The Best Thing I Bought for My Trip Around the World Was Travel Insurance

I dithered a little about buying travel insurance for my solo trip around the world. I’m young and healthy, and what’s an adventure if some bean counter has insured me against all the risks of taking the world by storm? I’d probably never need to make a claim, and then I’d have wasted that money, when I could have spent it on a mountain trek in Laos instead. Then again, I’m remarkably accident prone, and if I fell off a mountain in Laos and needed emergency evacuation, I’d be screwed without an insurance policy.

I planned to be on the road for a year, the realization of a dream a decade old. I bought a policy through World Nomads, a company that specializes in insurance for longer-term travelers. I could get the Standard plan or, for $30 more a month, the Explorer plan. I like to see new places, but I’m no adrenaline junkie, and I figured I’d just need the Standard, until I saw that snorkeling was under the same coverage as extreme activities like base jumping and parachuting. Snorkeling the Great Barrier Reef was on my agenda, so I became an Explorer. For $100 a month, I was covered for injury and illness, emergency evacuation, loss of luggage, canceled flights, and some liability on car rentals.

Was it worth it?

Absolutely. I got shingles in Australia, two concussions in New Zealand, an eye infection in Thailand, and stitches after being hit by a car in Vietnam. I went to one optometrist, three ophthalmologists, four general practitioners, and six hospitals. I went to at least a dozen pharmacies. I had to pay for it all out of pocket, yes, but I got receipts for every last thing and harangued doctors to type up medical reports. I provided proof of travel and swore that I didn’t have any other insurance that could cover me. I scanned everything at tiny copy shops in Byron Bay and Hanoi, and sent email attachments to the claims department of World Nomads.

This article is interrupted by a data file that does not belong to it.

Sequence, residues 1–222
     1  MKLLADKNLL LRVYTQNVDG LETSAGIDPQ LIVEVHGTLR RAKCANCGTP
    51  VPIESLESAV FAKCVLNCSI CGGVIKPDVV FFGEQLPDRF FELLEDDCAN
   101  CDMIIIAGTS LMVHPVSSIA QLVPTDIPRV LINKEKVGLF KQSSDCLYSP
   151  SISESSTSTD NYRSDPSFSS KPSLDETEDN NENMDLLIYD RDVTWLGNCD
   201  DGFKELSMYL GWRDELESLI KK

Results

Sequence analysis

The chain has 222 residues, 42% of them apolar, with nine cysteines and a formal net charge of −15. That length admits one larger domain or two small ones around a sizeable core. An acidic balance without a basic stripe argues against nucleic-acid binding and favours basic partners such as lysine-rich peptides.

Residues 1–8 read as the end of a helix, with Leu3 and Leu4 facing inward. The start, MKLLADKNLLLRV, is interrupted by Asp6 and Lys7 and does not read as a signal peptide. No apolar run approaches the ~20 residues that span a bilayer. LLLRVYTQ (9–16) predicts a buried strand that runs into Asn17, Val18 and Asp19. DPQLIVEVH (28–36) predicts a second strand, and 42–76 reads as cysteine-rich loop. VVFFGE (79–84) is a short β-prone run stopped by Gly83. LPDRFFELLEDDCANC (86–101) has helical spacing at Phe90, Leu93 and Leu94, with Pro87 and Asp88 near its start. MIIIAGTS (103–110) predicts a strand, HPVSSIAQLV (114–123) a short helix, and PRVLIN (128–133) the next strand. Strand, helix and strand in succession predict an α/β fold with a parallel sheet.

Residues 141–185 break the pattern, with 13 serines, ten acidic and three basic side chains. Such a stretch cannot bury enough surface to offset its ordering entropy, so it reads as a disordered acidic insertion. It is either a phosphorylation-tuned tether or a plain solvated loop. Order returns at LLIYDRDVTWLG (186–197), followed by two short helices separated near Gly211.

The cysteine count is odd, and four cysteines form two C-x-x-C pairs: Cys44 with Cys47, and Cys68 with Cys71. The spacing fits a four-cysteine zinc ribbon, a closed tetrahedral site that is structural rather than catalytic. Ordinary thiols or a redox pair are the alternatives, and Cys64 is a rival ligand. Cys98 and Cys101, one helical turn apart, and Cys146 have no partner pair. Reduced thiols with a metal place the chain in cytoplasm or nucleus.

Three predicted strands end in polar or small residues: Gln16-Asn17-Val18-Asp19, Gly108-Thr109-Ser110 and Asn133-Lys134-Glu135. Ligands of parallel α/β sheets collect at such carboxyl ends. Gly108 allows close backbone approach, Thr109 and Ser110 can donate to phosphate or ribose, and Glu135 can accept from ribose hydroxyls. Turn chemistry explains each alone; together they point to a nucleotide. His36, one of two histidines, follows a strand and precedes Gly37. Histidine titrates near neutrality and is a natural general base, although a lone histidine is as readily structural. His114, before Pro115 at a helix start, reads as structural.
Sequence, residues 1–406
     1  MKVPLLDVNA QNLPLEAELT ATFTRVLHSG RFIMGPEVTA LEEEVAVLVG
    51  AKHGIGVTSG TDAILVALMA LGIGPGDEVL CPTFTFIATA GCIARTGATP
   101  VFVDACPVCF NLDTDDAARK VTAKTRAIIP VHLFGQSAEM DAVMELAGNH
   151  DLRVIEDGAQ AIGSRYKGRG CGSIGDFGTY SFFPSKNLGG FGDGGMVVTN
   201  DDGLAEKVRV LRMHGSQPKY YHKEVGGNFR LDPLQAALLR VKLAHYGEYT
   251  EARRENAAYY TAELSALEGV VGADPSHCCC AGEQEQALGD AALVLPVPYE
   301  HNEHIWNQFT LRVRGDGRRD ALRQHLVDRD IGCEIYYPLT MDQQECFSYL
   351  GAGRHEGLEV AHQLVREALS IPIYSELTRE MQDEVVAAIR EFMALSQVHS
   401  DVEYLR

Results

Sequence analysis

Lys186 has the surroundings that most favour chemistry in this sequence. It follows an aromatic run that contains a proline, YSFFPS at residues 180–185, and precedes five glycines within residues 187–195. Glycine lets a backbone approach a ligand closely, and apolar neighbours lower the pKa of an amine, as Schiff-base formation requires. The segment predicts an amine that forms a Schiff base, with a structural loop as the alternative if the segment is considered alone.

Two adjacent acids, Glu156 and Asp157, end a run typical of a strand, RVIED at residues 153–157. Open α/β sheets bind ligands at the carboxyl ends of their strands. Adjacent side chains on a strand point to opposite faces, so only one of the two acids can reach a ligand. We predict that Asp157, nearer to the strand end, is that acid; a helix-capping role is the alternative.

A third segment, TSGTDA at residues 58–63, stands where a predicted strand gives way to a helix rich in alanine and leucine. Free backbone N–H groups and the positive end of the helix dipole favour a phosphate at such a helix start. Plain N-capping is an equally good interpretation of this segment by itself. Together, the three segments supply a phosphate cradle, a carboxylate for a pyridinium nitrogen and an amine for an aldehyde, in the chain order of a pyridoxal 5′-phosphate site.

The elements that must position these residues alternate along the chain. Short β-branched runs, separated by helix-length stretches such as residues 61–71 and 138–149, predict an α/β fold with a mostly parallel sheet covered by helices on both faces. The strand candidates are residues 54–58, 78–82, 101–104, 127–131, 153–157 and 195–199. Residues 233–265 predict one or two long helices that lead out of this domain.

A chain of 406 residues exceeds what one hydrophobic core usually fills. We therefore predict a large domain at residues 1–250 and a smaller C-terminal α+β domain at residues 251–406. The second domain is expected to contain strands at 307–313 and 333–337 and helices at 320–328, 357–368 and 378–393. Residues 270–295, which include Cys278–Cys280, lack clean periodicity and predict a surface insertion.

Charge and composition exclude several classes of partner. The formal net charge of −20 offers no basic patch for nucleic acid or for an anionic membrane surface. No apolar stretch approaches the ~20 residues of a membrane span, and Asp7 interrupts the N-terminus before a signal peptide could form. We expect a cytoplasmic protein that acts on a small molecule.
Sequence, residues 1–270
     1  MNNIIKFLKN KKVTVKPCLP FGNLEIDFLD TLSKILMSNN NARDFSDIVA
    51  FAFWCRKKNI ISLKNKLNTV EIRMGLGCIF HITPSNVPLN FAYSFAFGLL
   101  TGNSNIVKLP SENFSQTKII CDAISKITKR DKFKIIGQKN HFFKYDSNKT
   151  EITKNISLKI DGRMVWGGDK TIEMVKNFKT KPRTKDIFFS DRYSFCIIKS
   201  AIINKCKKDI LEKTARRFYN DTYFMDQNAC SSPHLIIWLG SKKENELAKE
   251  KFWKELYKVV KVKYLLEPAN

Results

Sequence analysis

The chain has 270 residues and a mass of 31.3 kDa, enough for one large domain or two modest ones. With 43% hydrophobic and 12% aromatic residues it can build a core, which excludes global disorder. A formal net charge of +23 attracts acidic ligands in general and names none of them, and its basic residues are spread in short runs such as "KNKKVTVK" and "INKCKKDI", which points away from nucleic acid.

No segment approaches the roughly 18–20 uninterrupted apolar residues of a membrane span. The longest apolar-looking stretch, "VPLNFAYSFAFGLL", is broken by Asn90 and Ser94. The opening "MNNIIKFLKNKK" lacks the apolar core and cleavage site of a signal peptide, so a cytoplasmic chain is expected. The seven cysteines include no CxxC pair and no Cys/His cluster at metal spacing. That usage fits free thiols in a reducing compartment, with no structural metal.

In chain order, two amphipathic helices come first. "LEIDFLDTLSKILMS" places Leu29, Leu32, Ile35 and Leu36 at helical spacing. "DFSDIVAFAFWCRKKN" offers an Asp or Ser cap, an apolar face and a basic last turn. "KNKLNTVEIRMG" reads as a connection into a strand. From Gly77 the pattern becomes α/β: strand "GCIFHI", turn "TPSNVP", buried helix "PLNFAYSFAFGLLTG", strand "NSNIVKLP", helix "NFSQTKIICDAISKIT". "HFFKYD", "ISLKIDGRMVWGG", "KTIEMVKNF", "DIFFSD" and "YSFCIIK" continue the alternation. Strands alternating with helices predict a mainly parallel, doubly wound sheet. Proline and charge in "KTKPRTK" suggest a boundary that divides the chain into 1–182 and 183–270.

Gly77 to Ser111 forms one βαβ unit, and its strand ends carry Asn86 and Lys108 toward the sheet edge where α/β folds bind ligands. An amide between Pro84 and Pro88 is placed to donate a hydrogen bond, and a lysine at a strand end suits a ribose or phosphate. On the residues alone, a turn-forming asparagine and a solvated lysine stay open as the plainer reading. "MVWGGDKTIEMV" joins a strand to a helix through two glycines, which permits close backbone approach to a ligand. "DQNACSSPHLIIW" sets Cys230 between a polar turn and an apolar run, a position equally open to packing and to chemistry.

It took ages to fill out the forms and put all the documentation together, but I’m glad I did. I spent almost $1,400 on doctors and drugs over the course of ten and a half months, and World Nomads reimbursed me every single penny. (I wish they were paying me to say that, but they’re not.) I don’t know how it would be if I’d been drunk when I’d had my accidents—I hear that’s a reason a lot of travelers’ injury claims get denied—but as it was, all my claims were paid in full. If I hadn’t bought the insurance, I still would’ve spent $1,200 on health costs, but I’d be out another $200, which got reimbursed because I took the safe route and bought insurance.